An alarming rebellion

Gina Matteo and Maddie Dailey

Thursday, December 11, might just go down in Monte Vista history.

With a storm that meteorologists warned to be filled with heavy rainfall, possible flooding, and powerful winds, many Bay Area schools closed due to the hazards. Monte Vista remained in session, and students weren’t having it.

The first fire alarm rang out after brunch, during passing period, and more went off throughout the day. Students crowded into the large and small gyms chanting “MVR”. Students were in retaliation, upset not only because Monte Vista decided not to close, but upset with administration as a whole.

The reason for the unplanned fire alarms and wannabe rebels? Many say the infamous app Yik Yak. Yik Yak is an anonymous social media app that has surfaced at Monte Vista. Yik Yak takes social media to the next level, allowing people to post anonymously. While some Yaks are harmless, others can be painful, calling out girls and boys and releasing harmful, possibly false information about peers.

Yik Yak allowed some students to plan and execute MVR, or the Monte Vista Rebellion.

While many, perhaps most, of students found the numerous alarms funny and a welcome distraction from class, there were some people of campus who didn’t see the humour in it.

“I’m a TA for the special day class,” sophomore Hanna Theobald said. “After [the alarm] went off three times, it started to get old. I saw the special day class, and seeing the kids so distraught was really painful to see.”

With administration already on alert with the storm and the Danville Fire Department busy with legitimate emergencies, having the numerous false alarms added tension to an already stressful day.

Danville Fire Department representative Kim French, said that the repeated false alarms are an undue burden on the first responders.

“The alarms negatively affected us, she said. “It was a high volume emergency day. The Fire Department has to respond quickly, even to non-emergencies.”

As reported by the Stampede in October, each false alarm can cost the the school up to $1200 in service fees charged by the fire department.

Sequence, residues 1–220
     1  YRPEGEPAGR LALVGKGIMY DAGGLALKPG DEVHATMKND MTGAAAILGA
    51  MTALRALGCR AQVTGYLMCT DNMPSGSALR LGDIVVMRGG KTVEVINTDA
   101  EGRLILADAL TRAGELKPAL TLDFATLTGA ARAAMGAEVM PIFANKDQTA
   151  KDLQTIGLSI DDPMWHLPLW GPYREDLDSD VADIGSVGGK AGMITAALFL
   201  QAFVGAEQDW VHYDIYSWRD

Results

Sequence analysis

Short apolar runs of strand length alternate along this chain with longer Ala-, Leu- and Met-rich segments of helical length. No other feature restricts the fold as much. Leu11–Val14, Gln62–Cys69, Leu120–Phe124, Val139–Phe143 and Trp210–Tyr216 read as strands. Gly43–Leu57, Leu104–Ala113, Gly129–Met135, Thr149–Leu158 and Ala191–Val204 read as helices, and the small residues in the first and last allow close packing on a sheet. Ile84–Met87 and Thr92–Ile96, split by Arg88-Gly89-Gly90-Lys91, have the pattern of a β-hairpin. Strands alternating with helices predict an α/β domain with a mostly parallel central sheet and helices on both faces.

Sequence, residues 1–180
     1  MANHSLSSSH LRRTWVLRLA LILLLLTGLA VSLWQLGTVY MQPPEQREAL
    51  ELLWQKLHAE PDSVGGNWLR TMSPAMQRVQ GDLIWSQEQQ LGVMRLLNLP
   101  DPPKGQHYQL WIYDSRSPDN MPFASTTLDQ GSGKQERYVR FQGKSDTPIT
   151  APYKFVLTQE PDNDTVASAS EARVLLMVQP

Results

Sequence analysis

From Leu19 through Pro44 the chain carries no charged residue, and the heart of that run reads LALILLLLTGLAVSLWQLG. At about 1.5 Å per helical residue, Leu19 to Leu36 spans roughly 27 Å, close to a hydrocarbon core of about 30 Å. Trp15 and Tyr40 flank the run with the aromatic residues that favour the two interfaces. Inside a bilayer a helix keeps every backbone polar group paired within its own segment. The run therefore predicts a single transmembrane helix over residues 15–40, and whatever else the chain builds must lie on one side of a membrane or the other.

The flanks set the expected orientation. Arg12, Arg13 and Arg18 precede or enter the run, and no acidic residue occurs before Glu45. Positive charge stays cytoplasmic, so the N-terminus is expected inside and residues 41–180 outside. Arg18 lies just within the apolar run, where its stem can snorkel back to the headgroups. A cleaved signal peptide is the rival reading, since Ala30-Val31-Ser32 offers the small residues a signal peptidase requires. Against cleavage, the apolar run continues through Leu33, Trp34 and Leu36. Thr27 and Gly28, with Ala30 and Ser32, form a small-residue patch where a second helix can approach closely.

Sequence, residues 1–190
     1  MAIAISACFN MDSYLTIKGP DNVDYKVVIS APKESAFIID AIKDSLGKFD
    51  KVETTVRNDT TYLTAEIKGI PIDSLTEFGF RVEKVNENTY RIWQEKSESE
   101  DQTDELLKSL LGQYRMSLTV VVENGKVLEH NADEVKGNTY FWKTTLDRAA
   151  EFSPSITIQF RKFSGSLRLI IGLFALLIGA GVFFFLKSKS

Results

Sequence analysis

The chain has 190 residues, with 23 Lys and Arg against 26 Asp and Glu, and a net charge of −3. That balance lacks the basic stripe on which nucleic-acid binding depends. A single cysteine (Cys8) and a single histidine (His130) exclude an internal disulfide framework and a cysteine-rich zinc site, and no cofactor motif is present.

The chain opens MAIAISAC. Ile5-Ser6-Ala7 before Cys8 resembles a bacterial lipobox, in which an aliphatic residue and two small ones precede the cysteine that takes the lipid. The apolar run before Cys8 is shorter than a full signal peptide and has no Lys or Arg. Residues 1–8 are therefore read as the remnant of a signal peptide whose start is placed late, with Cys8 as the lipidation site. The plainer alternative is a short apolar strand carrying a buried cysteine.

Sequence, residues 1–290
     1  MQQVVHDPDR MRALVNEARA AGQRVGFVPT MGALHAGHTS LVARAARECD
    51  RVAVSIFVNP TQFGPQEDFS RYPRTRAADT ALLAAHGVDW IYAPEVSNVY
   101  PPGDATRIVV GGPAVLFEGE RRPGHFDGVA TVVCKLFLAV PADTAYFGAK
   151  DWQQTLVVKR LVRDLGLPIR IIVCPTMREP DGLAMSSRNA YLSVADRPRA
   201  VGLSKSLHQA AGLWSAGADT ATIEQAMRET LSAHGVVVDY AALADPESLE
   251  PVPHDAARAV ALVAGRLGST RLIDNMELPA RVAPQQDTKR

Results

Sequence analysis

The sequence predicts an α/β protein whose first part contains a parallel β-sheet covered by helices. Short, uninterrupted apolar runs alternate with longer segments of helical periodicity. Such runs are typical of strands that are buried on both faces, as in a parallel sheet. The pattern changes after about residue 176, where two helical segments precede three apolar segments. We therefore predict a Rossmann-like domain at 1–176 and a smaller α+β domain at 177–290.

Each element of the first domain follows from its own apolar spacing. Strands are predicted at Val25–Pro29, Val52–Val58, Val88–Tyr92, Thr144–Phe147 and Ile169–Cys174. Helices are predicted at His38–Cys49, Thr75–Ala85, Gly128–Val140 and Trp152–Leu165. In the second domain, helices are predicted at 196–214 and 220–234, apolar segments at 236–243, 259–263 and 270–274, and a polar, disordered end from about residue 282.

Some students were trying to find a way to put a positive spin on the events that occurred.  Anonymous posters on Yik Yak mentioned that the events unified the student body at Monte Vista and even brought us closer to long time rival, San Ramon Valley.

School administration feels differently.

“I think that it is a few individuals ruining things for everybody else, so no I don’t think it can be spun as positive,” Officer Roderick said. “I would question really, if that pulls you together as a student body, perhaps the student body better analyze themselves a little more.”

San Ramon Valley was rumored to follow in the footsteps of Monte Vista the next day, creating the MVSR Rebellion, but because San Ramon administration was well aware of what had happened at MV on Thursday, the rebellion was not as successful.

Some students did not see the events as a big deal, but pulling the fire alarm without a true emergency is a crime.

The individuals responsible, if caught, could be facing misdemeanor charges. The student handbook also states students could face up to $1000 in fines or imprisonment in county jail, or both for pulling the alarm.

After the events that occurred, Principal Janet Terranova sent out an email to all parents, encouraging parents to sit down with their student to talk about the seriousness of the fire alarms.

“…we hope that you will take the time to discuss the importance of treating emergency signals and alarms seriously with your student. Doing so will reinforce positive behavior and establish the best ways for your student to respond when they observe a classmate behaving irresponsibly,” Terranova wrote.

Terranova also told parents to be aware of Yik Yak and its negative aspects.

“…We encourage you to speak with your student and ensure that s/he is not emboldening or being influenced by others to engage in unsafe behavior,” the email read.

Repercussions followed the next day, which included administration on high alert, not letting students walk around campus or go to the bathroom without a staff monitor. This only caused more outrage. Students took to Yik Yak again to voice their frustration at the heightened security on campus.

Administration and teachers have made it clear that they are monitoring Yik Yak, and will start monitoring other social media sites.

“I think now that the administration is on the social media sites, the staff is now aware of how we need to talk to the students about online citizenship,” Mrs. Krier said.

Although students were vying for “change” in Monte Vista’s administration, in the midst of the aftermath, MVR seems to have backfired, and admin is only learning more about how students use social media. Officer Roderick said that he and other admin are active on Yik Yak, and will be while the fire alarm events are under investigation.

“My personal opinion, there’s plenty of other things that you guys could do to entertain each other, or to protest ‘against the man’, so to speak,” Officer Roderick said.  “Find a more constructive way of voicing yourself if that’s truly why you’re doing it.”